Three unforgettable weeks in the monastic education school Aung Myae Oo come to an end. It has been a time full of intense impressions and new experience. I volunteered in the school and helped my Swiss friends with their NGO. During the past weeks I could make some good changes in the monastery. In the same way the little monks and nuns changed something inside of me. Before I will tell you more about my experience in AMO I would like to give you some basic information about the school.
Aung Myae Oo
is a school for poor children and orphans in Sagaing Hill / Myanmar. The school was founded in 2003 by the Buddhist monk Ven. Vilasa (“Ponchi”). Since then, it has grown steadily. In the first year, 31 children attended the school. Today, only 13 years later, there are over 2500 students. Aung Myae Oo is the second biggest monastic education school in Myanmar. The children are either accommodated in the school compound itself or in surrounding monasteries. The overwhelming majority are young novices and nuns who are educated according to Buddhist traditions and values. Tuition is free for all students. The school is entirely funded by donation.
1. To provide education for all children, especially for those who cannot afford to go to school.
2. To train students in moral education in addition to a modern education system.
3. To implant a sense of responsibility for their nation, culture and religion into the mind of the younger generation.
Basically the monastic school began with the sense of responsibility when the founder noticed a need of education for children of poor families. Some local children from villages and from remote areas are accommodated at the monastic school and their basic needs are supported.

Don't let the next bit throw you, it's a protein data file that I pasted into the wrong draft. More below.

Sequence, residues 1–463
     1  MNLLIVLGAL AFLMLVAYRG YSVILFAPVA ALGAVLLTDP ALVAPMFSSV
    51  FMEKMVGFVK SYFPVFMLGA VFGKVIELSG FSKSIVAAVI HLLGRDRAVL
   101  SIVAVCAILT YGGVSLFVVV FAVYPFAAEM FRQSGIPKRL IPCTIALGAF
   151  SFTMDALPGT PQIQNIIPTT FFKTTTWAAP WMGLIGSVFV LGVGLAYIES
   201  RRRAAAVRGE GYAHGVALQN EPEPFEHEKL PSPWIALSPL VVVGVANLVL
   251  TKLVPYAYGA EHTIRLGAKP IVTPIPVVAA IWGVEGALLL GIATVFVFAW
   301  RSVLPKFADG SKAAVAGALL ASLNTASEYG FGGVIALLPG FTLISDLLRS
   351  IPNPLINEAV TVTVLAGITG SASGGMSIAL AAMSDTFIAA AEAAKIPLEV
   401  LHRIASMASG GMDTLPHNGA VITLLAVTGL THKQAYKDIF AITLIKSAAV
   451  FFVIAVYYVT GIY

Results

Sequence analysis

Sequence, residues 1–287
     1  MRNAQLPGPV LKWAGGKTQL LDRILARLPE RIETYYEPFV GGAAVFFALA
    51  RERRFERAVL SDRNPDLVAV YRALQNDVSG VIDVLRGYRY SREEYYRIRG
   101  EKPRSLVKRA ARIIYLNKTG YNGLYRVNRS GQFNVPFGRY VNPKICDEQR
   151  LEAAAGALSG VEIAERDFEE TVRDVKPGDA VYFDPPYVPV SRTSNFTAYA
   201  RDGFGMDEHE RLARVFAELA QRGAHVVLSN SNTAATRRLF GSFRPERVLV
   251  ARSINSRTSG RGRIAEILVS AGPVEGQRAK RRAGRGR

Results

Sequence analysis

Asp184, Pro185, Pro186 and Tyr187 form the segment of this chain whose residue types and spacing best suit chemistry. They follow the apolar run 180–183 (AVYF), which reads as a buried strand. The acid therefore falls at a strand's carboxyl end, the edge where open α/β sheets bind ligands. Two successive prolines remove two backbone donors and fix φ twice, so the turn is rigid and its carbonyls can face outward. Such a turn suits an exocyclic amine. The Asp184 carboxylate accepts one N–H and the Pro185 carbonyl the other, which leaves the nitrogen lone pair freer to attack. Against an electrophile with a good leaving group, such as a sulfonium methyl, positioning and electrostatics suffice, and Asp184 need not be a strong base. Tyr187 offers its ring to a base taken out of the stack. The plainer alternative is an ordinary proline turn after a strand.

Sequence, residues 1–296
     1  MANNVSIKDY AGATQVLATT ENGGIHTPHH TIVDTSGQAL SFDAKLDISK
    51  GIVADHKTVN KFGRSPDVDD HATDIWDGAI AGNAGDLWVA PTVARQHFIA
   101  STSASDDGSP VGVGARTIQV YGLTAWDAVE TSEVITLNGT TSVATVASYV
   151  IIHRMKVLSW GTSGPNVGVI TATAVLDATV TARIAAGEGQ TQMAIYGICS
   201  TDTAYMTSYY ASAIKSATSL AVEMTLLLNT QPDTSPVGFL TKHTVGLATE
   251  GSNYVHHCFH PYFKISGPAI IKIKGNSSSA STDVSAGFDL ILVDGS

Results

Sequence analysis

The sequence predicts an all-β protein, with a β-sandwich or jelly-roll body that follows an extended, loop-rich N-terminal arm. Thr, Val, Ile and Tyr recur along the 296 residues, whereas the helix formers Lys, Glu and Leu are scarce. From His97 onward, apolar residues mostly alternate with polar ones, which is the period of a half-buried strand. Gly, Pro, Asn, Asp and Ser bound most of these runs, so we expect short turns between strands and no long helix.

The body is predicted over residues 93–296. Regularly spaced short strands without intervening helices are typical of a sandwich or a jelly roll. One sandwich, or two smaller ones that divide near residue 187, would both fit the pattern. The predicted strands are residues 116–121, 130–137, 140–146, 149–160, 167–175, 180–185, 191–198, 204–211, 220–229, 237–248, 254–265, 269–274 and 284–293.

The school began with primary teaching, but has been promoted to secondary and high school level. The main purpose of the school’s establishment is not only to give children a modern education but also to train them in moral education.
My experience in Aung Myae Oo
I arrived in Mandalay on January 29th. I traveled together with a group of lay people from the Ang Thong monastery in Thailand (see my article Pa Auk Kloster Ang Thong if you can read some German). I had lived previously for some weeks in that monastery (see Hilfe für Myanmar ). The first 4 days we visited famous monasteries and pagodas in the Mandalay region and the mountain area near Pyin Oo Lywin. The Thai group had mainly come to Myanmar to make merits by giving donations to different monasteries.
We carried 600 monk bags with us, that we intended to donate in various monasteries. I took the group also to Aung Myae Oo were they donated 1400 $. On February 2nd the group flew back to Thailand and I could give my full attention to the monastic school.
I received a warm welcome at AMO. After having moved into my room, I started my work right away. Every evening I have been teaching English to the teachers in the school. Writing is not the problem for the teachers, but speaking English is not emphasized in the Burmese education system and therefore the weak point.
The teachers often speak just a little English or they have a strong accent. Even the professors at the universities are sometimes difficult to understand. Speaking classes are therefore essential in Myanmar and especially in AMO. We had a lot of fun together! I made the classes interesting by showing videos, leading discussions and playing little games.
Beside the lessons there were many other things to do. The monastery has a little clinic room were the children get some medical care. But it is lacking drugs and trained medical staff. A teacher who received a little medical training takes care of the children. The problem is that the diseases are often not recognized or treated wrongly.
Especially infectious diseases spread easily in the school. Almost all children have a fungus on their head. In the moment the chicken pox are going round.
Everyday children with the typical symptoms like the blisters on the skin came to me. The blisters wasn’t a big deal but the supra infections that followed were quite harmful. The kids don’t shower that often and also their robes are very dirty. Bacteria enter easily into the blisters and the skin gets infected. Untreated, the ulcers can get pretty big and cause pain and high fever.